Be wise. Be brave. Be tricky. (slithytove) wrote,
Be wise. Be brave. Be tricky.
slithytove

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Bleed on the page

Note: I wrote the stuff below 24 hours ago, before reading this thread. I'm not taking issue with it; I agree that writers must learn from other writers; no writer is expected to invent the art of English prose from scratch. But the importance of 'seeing anew' has been on my mind a lot lately.


Some recent thoughts about writing.

It seems to me that one of the hardest things to do successfully in writing fiction is to think anew. To see anew. To look at the world with fresh eyes and tell the reader about what it looks like. One of the most awful traps is lack of originality, just rehashing stuff that's been done before. 'Stuff' means prose, plot, theme, character.

Being original, I've found, is goddam difficult. It's one of the most difficult parts of writing. (Except for all the other difficult parts.)

And if it's not for originality, for the joy of finding something new, why read? It's lack of originality that has kept me away from TV for the past decade or two: I can predict the punch lines half the time. I can predict the plot twists. Why bother watching?

In writing, there are multiple different levels on which writing has to be original. Just avoiding verbal clichés is only the crudest level. Much more difficult is avoiding clichés of theme, plot, character, atmosphere. So many times I think I've hit on a plausible story idea, but when I've thought about a moment, I realize, "Wait, I've read that someplace before." I haven't thought anew, I've just dredged up something from memory. I'm not talking about plagiarism, or rewriting a particular story, but rather reusing an idea that has already been done to death, or reusing a character that every one knows.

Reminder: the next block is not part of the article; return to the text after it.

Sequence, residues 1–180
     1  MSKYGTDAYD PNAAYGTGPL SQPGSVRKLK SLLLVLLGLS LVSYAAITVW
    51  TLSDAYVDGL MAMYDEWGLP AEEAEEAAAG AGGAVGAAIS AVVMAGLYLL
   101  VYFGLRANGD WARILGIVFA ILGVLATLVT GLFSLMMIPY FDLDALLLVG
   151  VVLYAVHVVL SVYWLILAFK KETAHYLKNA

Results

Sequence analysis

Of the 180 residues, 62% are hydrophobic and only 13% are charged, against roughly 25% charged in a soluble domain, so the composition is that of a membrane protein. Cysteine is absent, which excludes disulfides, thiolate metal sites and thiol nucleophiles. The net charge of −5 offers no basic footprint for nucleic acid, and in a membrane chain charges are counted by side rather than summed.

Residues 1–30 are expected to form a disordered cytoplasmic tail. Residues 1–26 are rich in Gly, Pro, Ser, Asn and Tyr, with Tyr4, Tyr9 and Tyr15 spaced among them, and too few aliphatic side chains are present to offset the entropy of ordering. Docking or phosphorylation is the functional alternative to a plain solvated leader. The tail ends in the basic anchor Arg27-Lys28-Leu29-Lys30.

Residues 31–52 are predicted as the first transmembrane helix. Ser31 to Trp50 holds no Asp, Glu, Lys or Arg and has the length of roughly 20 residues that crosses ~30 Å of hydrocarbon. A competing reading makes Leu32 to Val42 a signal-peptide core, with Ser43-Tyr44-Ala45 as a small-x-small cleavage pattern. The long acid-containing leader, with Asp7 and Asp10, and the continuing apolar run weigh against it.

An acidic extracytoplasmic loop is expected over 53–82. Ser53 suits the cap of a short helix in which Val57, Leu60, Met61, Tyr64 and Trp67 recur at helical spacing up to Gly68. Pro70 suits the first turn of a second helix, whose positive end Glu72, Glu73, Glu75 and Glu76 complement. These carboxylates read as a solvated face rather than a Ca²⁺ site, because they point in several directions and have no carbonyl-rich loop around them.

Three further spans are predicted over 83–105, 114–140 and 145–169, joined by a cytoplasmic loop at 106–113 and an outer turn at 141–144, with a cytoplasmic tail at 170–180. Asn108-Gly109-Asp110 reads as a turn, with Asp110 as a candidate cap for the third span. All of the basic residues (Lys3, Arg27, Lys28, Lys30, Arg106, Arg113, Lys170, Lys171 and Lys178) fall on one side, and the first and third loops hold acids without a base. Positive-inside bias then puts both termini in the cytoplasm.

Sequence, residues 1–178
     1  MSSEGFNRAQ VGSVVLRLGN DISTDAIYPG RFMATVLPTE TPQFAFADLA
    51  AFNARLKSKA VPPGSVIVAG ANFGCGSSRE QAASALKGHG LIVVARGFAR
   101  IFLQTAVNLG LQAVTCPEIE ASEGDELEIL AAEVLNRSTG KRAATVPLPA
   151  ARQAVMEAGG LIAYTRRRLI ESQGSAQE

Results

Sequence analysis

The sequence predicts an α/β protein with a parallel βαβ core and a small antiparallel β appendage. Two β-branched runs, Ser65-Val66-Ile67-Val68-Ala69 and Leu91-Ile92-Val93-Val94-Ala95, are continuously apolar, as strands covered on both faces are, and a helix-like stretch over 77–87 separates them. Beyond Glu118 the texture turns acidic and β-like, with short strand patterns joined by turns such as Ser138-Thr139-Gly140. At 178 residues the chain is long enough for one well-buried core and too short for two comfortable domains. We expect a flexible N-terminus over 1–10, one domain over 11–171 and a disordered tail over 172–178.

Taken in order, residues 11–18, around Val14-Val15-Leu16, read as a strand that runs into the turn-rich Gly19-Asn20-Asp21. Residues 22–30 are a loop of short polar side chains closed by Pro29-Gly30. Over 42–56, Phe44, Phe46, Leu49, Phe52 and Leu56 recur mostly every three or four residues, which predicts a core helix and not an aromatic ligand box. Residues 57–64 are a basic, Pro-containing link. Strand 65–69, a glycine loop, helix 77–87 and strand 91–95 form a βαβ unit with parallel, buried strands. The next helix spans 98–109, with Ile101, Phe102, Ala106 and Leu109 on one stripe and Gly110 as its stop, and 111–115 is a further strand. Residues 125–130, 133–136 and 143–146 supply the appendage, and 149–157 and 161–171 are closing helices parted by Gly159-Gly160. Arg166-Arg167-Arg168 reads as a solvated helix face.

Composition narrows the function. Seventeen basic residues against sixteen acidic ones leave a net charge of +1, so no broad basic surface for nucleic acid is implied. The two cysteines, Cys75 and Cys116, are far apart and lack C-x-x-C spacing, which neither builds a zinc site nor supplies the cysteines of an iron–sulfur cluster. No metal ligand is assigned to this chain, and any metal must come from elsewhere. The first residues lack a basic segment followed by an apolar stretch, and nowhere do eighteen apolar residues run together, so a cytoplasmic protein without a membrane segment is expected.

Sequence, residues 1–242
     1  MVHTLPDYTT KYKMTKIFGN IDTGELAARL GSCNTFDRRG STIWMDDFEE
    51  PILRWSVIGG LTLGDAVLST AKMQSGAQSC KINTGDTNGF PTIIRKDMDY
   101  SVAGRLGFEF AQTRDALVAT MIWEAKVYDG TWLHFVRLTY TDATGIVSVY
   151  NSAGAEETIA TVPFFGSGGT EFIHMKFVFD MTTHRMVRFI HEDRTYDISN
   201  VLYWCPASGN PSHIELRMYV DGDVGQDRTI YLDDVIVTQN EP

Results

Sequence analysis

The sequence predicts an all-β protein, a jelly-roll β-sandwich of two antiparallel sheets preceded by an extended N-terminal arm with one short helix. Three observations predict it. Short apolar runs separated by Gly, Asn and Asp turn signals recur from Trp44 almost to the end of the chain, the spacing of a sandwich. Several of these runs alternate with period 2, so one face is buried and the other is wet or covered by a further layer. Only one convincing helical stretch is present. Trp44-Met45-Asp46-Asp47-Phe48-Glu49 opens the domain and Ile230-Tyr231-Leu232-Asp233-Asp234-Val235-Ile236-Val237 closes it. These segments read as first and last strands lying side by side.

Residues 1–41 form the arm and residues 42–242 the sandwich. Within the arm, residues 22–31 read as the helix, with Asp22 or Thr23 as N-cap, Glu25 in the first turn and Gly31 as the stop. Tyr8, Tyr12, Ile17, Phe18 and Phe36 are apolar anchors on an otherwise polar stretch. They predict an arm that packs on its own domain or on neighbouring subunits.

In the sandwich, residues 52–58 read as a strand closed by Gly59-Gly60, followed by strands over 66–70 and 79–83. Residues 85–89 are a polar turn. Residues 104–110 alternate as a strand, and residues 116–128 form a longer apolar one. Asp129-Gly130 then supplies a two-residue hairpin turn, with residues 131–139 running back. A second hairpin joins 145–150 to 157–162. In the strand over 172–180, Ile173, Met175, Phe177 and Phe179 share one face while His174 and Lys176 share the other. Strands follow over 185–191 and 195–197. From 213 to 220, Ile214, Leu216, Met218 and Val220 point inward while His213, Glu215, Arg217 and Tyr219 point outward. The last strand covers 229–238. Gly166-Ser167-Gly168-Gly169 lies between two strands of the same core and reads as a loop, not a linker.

But there's another danger here, the mirror-image of unoriginality, and that's novelty for the sake of novelty. This goes down somewhat better than clichéd writing, I see it in published fiction all the time: bizarre stuff that doesn't make a great deal of sense, but by god, it's original, no one ever did anything like that before. I think novelty masquerades as originality a lot. And in fact, it drives me nuts a little less than clichés do. But just a little. I'm not against novelty. Novelty is fine. But it's not a substitute for originality.

Good writing, writing that is worth reading, is not only exciting, beautiful, and suspenseful, but it gives the reader a new view of the world, a new map to lay on reality, a new way to interpret and organize experience. It makes the reader say, "Damn, I never thought of that." It is subversive of the miasma of clichés that surrounds us as we walk though the world.

And it's damned hard to do.



GUN
mura, mu(re), mu(reru)
meaning: group, flock

群集 == gunshuu == crowd
魚群 == gyogun == school of fish


Right radical is 'sheep' (羊). Left radical is 'lord' (君), acting phonetically to express 'assemble' and also lending its literal meaning of 'command with a stick'. This character originally referred to herding sheep. Henshall suggests as a mnemonic: 'Lord of sheep flock.'

Stroke order from Josh's Chinese Lookup Thingy (animated)
Stroke order from Taka Kanji Database
Other info from Taka Kanji Database
Gahoh kanji movie

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